On this day in Labor History the year was 1979.
That was the day that the National March on Washington for Lesbian and Gay Rights took place in Washington D.C.
Estimates of marchers ranged from as few 75,000 to as many as 200,000.
The year of the march was significant.
It marked the ten-year anniversary of the police raid at the Stonewall Inn, a gay bar in New York’s Greenwich Village.
When police raided Stonewall it sparked a series of protests that helped launch the modern LGBT rights movement.
Ten years later, gay and lesbian Americans still faced significant employment and legal discrimination.
Many also faced violence.
The published program for the event included a tribute to Harvey Milk, the openly gay Member of the San Francisco Board of Supervisors who had been assassinated a year earlier.
Lyrics to the song “Harvey Milk’s Body” was written for the tune of “John’s Brown Body.”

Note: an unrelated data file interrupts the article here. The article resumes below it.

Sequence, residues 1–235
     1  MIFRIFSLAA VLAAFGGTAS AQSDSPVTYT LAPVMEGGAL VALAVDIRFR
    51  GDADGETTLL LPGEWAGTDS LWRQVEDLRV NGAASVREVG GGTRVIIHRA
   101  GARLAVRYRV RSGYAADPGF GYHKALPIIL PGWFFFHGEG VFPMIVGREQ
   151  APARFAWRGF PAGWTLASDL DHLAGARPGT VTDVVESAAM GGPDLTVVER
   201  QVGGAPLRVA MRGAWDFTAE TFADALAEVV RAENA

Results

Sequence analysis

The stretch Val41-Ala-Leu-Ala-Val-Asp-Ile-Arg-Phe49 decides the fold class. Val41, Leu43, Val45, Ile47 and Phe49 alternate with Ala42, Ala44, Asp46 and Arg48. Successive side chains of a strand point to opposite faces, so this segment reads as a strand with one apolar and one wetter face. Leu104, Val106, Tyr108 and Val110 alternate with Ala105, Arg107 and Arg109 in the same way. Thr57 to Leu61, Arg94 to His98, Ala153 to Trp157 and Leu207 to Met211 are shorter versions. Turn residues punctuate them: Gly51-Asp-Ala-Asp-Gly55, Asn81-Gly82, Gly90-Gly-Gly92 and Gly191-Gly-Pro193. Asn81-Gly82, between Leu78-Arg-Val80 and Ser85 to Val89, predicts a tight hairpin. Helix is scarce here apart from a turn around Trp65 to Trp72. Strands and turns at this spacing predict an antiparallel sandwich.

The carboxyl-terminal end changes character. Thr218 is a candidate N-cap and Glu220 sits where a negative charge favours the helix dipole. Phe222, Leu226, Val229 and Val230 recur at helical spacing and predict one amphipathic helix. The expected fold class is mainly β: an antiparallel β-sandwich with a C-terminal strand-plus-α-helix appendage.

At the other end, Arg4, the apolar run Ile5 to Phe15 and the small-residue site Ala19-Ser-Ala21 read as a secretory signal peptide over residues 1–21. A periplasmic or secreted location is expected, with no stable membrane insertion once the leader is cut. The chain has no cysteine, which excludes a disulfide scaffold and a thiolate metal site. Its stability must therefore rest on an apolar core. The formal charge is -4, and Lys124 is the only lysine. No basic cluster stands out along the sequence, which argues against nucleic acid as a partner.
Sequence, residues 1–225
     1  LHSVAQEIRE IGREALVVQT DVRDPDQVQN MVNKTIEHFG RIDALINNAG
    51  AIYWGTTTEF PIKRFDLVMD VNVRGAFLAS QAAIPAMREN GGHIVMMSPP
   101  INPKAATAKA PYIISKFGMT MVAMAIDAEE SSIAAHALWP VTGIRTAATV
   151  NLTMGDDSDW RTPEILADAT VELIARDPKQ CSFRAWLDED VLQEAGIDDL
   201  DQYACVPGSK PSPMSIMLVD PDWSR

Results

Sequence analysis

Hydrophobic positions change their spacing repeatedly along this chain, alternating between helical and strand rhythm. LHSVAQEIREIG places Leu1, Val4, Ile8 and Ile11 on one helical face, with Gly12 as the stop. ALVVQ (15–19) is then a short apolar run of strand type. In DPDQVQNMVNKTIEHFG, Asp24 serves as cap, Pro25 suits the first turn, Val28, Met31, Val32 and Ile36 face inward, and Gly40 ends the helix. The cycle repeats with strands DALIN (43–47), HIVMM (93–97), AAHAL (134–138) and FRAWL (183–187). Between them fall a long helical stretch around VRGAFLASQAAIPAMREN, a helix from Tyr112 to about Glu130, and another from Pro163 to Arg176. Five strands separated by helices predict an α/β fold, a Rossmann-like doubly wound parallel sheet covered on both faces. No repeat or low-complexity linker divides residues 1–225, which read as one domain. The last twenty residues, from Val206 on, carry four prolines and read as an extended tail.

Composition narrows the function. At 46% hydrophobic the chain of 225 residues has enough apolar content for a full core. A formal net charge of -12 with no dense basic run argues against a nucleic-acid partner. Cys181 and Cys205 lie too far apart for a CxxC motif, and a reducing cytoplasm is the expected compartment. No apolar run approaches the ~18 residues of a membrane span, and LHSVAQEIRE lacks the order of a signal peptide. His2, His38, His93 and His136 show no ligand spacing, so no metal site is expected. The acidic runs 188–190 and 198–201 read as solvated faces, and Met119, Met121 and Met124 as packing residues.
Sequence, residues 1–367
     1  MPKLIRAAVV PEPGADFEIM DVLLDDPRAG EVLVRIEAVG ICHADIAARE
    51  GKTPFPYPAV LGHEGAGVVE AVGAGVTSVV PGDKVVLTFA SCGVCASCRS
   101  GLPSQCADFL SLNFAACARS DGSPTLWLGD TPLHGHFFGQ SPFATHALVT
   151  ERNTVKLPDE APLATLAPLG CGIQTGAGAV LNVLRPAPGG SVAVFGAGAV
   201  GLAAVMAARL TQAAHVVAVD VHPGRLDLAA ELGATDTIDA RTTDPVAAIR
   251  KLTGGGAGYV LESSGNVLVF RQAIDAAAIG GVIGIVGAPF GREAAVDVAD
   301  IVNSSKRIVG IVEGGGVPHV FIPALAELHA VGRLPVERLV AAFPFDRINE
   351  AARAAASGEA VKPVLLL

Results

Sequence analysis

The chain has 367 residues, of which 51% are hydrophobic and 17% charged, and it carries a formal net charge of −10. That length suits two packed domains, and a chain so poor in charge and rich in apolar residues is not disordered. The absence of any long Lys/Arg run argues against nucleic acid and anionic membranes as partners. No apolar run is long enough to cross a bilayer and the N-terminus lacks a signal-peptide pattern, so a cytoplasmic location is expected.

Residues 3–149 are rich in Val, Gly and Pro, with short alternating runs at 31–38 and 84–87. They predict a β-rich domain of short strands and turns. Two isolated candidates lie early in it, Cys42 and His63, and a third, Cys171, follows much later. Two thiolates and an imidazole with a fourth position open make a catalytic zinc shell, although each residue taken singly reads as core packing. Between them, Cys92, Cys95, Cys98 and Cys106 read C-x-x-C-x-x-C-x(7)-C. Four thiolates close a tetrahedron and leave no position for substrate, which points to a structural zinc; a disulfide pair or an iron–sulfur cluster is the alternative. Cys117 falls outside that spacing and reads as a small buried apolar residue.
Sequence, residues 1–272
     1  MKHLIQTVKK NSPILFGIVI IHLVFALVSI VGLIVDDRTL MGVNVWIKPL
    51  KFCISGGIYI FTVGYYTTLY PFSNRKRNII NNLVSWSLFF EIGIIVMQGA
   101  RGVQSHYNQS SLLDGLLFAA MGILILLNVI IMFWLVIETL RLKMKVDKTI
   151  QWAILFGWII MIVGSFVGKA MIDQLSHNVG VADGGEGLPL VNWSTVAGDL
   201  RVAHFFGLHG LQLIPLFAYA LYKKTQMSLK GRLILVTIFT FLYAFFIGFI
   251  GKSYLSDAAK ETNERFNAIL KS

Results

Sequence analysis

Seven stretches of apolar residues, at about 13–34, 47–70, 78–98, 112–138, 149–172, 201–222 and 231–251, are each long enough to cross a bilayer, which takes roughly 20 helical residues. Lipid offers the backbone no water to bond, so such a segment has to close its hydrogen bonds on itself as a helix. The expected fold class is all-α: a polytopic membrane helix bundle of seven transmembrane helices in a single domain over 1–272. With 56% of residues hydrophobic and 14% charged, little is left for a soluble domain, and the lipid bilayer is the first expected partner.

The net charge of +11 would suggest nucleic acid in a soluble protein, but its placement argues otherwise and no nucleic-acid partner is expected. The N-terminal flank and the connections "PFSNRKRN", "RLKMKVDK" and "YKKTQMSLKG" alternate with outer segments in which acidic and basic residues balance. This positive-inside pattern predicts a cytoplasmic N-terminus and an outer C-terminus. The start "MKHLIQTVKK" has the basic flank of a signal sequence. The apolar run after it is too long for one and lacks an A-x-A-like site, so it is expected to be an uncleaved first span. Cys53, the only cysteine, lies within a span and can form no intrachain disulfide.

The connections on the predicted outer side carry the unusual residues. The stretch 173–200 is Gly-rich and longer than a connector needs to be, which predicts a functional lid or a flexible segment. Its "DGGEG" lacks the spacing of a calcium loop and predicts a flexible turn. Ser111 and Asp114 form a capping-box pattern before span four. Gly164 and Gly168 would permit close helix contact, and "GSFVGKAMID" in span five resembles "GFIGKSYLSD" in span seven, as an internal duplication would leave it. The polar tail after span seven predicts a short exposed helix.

The program also included an article urging march participants to lobby Capitol Hill for justice.
A sample letter to congress was printed as a template.
It noted that that “Many lesbians and gay men face unjust discrimination in employment,” and called for change.
The march organizers issued five demands.
The second demand was that President Carter issue an “order banning discrimination based on sexual orientation in the Federal Government, the military and federally-contracted private employment.”
The program included a list of organizations that supported the march.
Not many labor unions endorsed, with a few notable exceptions such as Actors Equity Association, three AFSCME locals, and one American Federation of Teachers local.
More demonstrations in Washington D.C. followed.
A march held in 1993 drew crowds estimated at one million—a powerful gathering for the movement to end LGBT discrimination.